An Outbreak of New Info from Undead Labs' Jeff Strain

Updated Tue, May 24, 2011 by B. de la Durantaye

If you're a Guild Wars fan, you're likely a Jeff Strain fan. One of the three original founders of ArenaNet, Jeff put his fantasy MMOG revolutionizing days behind him in late 2009 to start Undead Labs and unleash his team's creativity on the zombie survival horror genre. In a new interview discussing Undead Labs' projects in detail, Jeff gives us a glimpse (complete with new concept art) of the two Undead Labs projects in the making, and how we might soon get to put our own unique zombie survival strategies to the test!

The big question: What type of game is Undead Labs making? We're seeing same-screen co-op but also mentions a vast virtual world, a global in-game community, and social tools from online games. Is it a MMOG? Is it a lobby-style co-op game?

We have two games under development. Our first game, codenamed ‘Class3’, is an open-world zombie-survival game that we will release for the Xbox LIVE platform. The follow up, codenamed (shockingly) ‘Class4’, is a full online-world zombie-survival game, also developed for Xbox 360.

Is ‘Class4’ an MMOG? No. Not in the traditional sense of the classic PC MMO with warriors, levels, XP, and assigned quests. There are already some fantastic PC MMOs out there — and a few more in the works that look quite promising — but that’s not the kind of game we want to make this time. We love online games with vast shared worlds and passionate player communities, but we’re ready to try something new by bringing those aspects of MMOs along into a different type of game.

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Contrary to belief, not everyone loves a parade.

At the Lab we refer to the game we are making as a “survival sandbox” game. We want to drop you into the heart of a zombie apocalypse and let you put your personal survival plan to the test in an open world, with no predefined quest paths, no levels, no corridors, and no canned character progression; just you, your plan, your equipment, and your wits.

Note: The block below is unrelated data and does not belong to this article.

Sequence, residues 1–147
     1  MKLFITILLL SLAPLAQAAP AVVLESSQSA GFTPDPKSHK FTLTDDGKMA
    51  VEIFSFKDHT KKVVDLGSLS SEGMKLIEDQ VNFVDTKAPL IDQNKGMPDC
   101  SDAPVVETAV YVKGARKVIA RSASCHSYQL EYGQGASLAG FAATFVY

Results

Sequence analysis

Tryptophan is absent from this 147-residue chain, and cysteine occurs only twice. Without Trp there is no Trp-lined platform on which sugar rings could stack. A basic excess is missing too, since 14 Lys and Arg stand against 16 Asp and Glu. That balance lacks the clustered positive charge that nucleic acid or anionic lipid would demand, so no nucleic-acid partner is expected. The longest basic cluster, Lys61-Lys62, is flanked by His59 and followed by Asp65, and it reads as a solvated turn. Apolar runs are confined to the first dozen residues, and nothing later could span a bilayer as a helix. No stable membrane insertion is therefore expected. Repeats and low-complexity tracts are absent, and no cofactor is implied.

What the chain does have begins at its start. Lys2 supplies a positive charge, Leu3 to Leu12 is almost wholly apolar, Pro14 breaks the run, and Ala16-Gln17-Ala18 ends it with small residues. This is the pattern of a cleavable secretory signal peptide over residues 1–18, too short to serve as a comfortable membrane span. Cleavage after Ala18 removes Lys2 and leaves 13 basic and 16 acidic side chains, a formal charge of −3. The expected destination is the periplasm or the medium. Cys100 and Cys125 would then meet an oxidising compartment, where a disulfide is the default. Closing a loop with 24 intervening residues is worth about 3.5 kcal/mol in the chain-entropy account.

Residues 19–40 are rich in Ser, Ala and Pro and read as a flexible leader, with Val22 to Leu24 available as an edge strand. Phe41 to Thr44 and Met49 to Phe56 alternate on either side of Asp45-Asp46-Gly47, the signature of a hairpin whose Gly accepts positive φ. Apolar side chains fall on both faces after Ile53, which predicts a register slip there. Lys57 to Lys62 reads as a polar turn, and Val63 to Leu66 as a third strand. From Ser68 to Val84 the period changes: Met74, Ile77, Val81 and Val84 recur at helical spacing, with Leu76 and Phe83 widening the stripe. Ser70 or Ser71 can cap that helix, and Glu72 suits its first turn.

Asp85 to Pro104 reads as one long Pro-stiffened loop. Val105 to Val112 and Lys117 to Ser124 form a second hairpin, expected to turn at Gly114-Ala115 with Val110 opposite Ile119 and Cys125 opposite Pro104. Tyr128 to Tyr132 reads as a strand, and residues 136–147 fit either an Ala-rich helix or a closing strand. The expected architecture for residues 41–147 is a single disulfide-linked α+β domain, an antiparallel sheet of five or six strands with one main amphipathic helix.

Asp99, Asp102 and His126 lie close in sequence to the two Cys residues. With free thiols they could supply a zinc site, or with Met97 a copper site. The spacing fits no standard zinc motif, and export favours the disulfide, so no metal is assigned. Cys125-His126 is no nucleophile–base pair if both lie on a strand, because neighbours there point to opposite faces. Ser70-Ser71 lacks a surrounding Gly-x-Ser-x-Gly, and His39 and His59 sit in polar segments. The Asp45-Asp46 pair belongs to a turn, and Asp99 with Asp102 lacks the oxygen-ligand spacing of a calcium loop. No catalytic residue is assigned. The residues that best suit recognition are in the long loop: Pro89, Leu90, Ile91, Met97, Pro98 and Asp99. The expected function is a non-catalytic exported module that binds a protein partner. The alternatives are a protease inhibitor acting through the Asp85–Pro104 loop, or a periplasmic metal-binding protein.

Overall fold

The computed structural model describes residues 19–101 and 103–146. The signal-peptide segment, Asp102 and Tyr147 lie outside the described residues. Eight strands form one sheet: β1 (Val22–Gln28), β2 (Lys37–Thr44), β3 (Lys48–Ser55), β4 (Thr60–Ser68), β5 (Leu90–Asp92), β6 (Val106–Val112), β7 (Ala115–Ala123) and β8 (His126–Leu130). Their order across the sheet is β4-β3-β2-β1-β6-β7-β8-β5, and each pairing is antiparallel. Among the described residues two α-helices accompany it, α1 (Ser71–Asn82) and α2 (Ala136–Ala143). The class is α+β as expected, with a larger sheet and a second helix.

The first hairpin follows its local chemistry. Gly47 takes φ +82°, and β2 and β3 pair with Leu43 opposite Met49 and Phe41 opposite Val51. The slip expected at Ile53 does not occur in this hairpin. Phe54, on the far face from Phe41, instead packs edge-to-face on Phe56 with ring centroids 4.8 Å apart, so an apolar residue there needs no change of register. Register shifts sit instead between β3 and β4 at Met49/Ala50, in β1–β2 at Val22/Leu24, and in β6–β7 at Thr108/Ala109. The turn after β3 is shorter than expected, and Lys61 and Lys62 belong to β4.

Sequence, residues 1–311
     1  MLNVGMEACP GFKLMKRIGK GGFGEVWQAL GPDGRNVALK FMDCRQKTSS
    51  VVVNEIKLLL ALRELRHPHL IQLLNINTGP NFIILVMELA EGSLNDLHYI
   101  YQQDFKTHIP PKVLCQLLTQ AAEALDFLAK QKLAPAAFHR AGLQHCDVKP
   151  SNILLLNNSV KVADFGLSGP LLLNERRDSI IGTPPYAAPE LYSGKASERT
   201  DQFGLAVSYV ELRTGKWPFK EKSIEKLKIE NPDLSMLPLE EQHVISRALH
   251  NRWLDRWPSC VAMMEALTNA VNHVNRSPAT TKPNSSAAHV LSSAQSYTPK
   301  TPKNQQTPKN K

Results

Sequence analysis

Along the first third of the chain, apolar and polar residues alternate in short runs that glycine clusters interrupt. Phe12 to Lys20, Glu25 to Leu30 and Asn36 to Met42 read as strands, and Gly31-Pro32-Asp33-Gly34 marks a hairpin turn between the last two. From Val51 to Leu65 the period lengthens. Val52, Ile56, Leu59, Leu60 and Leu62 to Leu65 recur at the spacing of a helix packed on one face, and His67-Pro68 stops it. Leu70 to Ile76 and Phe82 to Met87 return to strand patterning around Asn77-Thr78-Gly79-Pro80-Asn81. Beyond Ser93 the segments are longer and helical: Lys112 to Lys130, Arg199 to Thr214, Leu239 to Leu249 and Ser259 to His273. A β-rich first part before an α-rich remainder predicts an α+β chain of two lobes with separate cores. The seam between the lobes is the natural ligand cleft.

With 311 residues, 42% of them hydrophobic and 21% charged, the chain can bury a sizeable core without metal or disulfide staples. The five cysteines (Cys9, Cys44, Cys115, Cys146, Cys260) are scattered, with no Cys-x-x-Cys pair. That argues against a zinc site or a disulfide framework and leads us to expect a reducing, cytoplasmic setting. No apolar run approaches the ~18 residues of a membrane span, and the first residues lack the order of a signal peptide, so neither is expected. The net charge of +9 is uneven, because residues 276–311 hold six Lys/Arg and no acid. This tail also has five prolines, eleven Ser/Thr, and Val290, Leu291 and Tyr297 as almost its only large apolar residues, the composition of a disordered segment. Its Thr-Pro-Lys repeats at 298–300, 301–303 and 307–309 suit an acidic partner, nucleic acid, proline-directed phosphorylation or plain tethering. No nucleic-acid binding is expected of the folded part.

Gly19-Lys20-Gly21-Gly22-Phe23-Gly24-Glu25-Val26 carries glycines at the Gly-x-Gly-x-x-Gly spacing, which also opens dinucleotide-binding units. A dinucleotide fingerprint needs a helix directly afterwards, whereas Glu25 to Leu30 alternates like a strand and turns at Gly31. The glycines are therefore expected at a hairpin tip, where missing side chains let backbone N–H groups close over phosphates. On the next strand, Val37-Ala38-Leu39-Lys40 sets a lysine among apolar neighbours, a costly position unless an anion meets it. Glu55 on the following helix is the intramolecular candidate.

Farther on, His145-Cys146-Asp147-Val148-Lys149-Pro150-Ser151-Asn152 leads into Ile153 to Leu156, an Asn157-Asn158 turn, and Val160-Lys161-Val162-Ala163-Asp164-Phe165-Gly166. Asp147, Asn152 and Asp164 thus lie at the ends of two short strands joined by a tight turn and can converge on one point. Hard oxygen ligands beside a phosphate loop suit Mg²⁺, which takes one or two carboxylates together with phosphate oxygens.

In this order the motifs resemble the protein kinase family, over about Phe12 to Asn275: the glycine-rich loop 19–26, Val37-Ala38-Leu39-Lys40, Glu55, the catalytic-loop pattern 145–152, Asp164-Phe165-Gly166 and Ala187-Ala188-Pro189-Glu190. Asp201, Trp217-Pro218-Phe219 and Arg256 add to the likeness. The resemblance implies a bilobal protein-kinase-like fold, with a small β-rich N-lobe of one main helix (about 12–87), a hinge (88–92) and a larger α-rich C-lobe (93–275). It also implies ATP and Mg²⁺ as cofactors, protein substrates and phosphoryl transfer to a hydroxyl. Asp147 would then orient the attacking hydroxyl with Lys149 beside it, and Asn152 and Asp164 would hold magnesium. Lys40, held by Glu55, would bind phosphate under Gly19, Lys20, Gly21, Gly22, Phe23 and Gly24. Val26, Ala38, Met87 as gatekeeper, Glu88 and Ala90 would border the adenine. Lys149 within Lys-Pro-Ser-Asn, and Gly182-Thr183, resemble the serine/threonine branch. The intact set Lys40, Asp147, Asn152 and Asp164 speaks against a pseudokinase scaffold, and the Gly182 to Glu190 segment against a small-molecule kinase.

‘Class3’ will be a smaller, focused game experience that you can play solo or with a few friends. ‘Class4’ will bring that core game experience into a massive, shared online world with thousands of players.

Is it just zombies or are there other frights out there lurking in the dark?

‘Class3’ and ‘Class4’ are all about the zombie apocalypse. We are not re-skinning orcs and calling it a zombie game. At its heart, the zombie genre is about survival in the face of societal collapse and the complexities of human relationships in the face of dwindling resources. That is the experience we hope to recreate, so don’t expect to encounter 20-foot boss zombies, mutated Werebears, or emo vampires.

That said, the greatest enemy in any apocalypse scenario is often our fellow survivors. Just as in the world today, most people are basically cool, but a few can be real douchebags. The zombie apocalypse would probably amplify those personality traits further, drawing a clear line between people who have your back, and people who would be happy to stab your back. While the fundamental conflict is “humans vs. zombies”, you can bet we’ll be working in the human conflict as well.

One of the challenges with console gamers is that while they may subscribe to a service, typically they’re not too eager to pay more per month to play a single game. Does this reflect in your planned revenue model? What is that model? Box sales alone, subscription, microtransactions?

Who wins: orcs vs. zombies? Probably both.

First, we should be clear that this question is only relative to ‘Class4’, since ‘Class3’ will be distributed and priced as an Xbox LIVE Arcade game. I agree that a subscription on top of a subscription is a tough sell, so yes, that issue factors heavily into our ongoing discussions with Microsoft about the ‘Class4’ business model.

Subscriptions have the benefit of being simple and clear, and they allow the designers to focus exclusively on making the game fun; but they also feel like paying the water bill. You have to do it if you want water, and you understand that it can’t be truly free, but it’s still yet another bill to pay every month, which just doesn’t mix well with the fun of playing games.

Microtransactions give players the freedom to play the game for free — which is awesome — but can also lead to designers spending more time worrying about what is for sale rather than what is fun.

Both models have strengths and weaknesses, but the good news is that we have some time to figure it out and get it right. Our priority right now is to ensure that ‘Class3’ is a fantastic game that you want to play, because after all, if we don’t make an awesome game, none of the rest of it matters.


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